The prevalence of ATTR Val 122Ile amyloidosis is reportedly high in West Africa, and in the US African-American population (3.9%).4,11,14,25,26 In a study conducted at a county hospital in Indianapolis, 3% of black newborns were found positive for ATTR Val122Ile through DNA sampling of umbilical cord blood.25 These statistics are of concern, as ATTR amyloidosis could be a significant health concern in a patient population that is already medically underserved.
Yamashita et al25 estimate that 1.35 million Americans of African-American descent may be affected by ATTR Val122Ile and vulnerable to restrictive cardiomyopathy–related heart failure and death. At the very least, this disorder can impair quality of life, especially in the presence of other comorbid conditions.
The presence of exertional syncope at presentation is ominous, as it may be a marker of severe restrictive cardiomyopathy, postural hypotension due to excessive diuresis or autonomic neuropathy, ventricular arrhythmias from localized hypoperfusion, and rarely from cardiac tamponade due to pericardial involvement.27 Despite widespread involvement of the conduction system in specimens at autopsy, high-grade IV block is unusual.3
ECG. Both ECG and Holter monitoring can detect the arrhythmias and conduction disturbances (eg, first-degree AV block, low voltage patterns) associated with cardiac amyloidosis. Patients often experience syncopal and near-syncopal episodes as a result of conduction disturbances.28 Patients with conditions such as cardiac amyloidosis who present with severe heart failure are at high risk for sudden death secondary to conduction disturbances. Many have benefited from implanted defibrillators.29
Echocardiography. In patients with ATTR Val122Ile cardiac amyloidosis, echocardiography reveals thickened ventricular walls (ie, measuring ≥ 15 mm; normal, ≤ 11 mm).19 Amyloid-restrictive cardiomyopathy is associated with a marked dissociation between short- and long-axis systolic function, in cases in which left ventricular ejection fraction is normal.30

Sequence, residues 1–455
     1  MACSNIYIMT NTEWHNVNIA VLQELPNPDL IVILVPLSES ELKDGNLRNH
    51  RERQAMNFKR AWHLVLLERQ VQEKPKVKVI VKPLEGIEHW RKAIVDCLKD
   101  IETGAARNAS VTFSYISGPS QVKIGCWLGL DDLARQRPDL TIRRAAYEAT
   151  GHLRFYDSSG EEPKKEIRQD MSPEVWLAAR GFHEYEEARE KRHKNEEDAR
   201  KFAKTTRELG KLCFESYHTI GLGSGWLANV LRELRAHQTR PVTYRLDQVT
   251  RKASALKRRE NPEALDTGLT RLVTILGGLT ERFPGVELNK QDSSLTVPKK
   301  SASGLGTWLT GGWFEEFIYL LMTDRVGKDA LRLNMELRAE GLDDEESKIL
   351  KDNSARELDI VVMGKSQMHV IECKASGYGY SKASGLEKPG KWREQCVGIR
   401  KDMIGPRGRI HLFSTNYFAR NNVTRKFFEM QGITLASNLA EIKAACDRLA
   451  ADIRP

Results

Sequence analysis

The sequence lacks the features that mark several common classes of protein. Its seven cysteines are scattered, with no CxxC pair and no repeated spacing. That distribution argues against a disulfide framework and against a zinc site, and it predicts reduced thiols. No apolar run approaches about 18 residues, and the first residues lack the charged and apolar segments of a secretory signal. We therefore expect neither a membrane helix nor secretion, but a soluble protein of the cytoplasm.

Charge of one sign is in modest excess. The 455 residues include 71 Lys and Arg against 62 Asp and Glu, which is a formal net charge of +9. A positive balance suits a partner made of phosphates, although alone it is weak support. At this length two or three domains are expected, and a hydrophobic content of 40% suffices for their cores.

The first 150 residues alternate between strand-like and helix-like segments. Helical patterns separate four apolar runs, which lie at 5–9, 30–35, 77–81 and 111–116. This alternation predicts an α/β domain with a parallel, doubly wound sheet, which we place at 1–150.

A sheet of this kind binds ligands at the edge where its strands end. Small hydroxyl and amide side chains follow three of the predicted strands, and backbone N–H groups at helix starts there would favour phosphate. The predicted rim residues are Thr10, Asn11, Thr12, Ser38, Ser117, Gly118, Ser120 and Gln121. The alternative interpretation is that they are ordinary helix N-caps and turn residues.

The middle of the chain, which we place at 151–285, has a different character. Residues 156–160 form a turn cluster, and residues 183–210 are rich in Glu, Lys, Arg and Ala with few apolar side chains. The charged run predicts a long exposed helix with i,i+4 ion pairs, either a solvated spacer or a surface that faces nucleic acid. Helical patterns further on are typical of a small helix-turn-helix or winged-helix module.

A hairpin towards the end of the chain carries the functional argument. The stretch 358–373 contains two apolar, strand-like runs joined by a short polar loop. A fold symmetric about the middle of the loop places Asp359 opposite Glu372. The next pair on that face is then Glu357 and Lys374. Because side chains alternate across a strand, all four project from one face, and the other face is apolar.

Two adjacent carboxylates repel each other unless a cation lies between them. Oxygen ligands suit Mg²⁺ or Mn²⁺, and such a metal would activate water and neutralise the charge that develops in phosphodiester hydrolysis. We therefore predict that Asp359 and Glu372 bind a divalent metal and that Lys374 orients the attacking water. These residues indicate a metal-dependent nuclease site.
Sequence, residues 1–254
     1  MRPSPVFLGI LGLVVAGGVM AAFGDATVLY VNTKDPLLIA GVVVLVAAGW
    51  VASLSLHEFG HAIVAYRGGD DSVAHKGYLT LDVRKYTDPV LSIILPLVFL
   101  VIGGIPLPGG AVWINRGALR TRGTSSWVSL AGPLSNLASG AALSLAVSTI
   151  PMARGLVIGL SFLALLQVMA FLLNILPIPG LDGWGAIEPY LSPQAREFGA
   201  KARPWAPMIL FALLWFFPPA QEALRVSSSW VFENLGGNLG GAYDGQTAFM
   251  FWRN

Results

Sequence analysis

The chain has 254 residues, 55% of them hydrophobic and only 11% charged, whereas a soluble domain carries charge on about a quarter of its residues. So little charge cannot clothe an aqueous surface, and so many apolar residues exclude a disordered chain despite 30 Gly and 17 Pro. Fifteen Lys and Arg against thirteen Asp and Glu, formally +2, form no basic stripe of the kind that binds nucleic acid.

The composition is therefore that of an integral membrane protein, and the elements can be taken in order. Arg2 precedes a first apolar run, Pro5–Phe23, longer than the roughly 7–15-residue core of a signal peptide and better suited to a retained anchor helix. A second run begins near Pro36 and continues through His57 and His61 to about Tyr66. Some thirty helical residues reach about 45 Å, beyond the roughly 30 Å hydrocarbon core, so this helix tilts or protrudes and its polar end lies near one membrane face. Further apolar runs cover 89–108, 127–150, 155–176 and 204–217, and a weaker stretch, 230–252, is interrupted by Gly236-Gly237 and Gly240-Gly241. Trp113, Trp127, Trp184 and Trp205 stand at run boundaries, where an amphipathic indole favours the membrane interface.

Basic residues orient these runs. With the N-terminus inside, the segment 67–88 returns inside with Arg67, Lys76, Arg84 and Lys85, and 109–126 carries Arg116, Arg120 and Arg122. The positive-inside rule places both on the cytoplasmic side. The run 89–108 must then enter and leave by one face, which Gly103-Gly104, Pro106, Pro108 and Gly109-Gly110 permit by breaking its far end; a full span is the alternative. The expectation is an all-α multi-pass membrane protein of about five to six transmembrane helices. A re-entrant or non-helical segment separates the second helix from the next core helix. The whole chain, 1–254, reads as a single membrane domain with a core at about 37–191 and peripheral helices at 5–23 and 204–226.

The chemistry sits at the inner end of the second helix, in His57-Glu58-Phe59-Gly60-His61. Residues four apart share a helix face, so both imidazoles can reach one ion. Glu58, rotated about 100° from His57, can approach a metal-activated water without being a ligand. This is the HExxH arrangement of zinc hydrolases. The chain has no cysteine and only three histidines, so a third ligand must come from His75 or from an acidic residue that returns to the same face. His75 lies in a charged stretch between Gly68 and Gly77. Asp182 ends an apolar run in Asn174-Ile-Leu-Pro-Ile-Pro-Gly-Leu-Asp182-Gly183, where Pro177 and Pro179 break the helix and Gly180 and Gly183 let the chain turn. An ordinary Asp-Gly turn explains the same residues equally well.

Echocardiography may demonstrate the characteristic specular or granular sparkling appearance that signifies advanced disease.15,21 Only a minority have this pattern in the myocardium, however, and changes in echocardiographic technology have made this finding less noticeable.30
MRI. Among more recently used diagnostic studies, cardiac magnetic resonance (CMR) has been reported to demonstrate late gadolinium enhancement (LGE) in perhaps 80% of patients with familial amyloidosis and cardiac involvement (as determined through biopsy and Congo Red stain). LGE-CMR shows darkening of the cardiac tissue, a common occurrence in amyloidosis.31
LGE is associated with increased thickness of both left and right ventricles, lower ECG voltage patterns, elevated BNP, and elevated troponin T.31,32 Globally, LGE is associated with the worst prognosis in patients with cardiac amyloidosis. Use of LGE-CMR testing can help facilitate early detection of cardiac amyloidosis in patients who may be vulnerable to cardiac damage.31
Cardiac catheterization. In patients with cardiac amyloidosis, cardiac catheterization usually shows normal coronary arteries.3
Early diagnosis of ATTR cardiac amyloidosis is crucial to the patient’s survival; it should be ruled out in any African-American patient with unexplained heart failure and echocardiography showing increased wall thickness with a nondilated left ventricular cavity. Additional clues include significant proteinuria, hepatomegaly disproportionate to the degree of heart failure, or corresponding neuropathy. Known family history of the disease, along with variant type, allows for a prompt and correct diagnosis.10
It has been reported that most clinicians who encounter heart failure, particularly in black patients, do not consider amyloidosis in the differential diagnosis, because of the high prevalence of hypertension and congestive heart failure in this population.10,15,19 As a result, amyloidosis often goes undiagnosed.19
Findings of enlarged and thickened cardiac walls on echocardiography but normal coronary arteries on cardiac catheterization should alert the treating clinician to further work-up for cardiac amyloidosis.19 In such a patient, according to Kristen et al,21 endomyocardial biopsy with Congo Red staining is the gold standard for diagnosis of amyloidosis.
In ATTR Val122Ile familial amyloidosis, it is unclear whether patients who are homozygous for the disease present with symptoms at earlier onset with more progressive illness or die sooner than those who are heterozygous.33 Nevertheless, once the diagnosis is confirmed, it is important to determine the patient’s specific variant type by DNA testing so that appropriate treatment can be initiated and the patient’s prognosis evaluated.5,10,13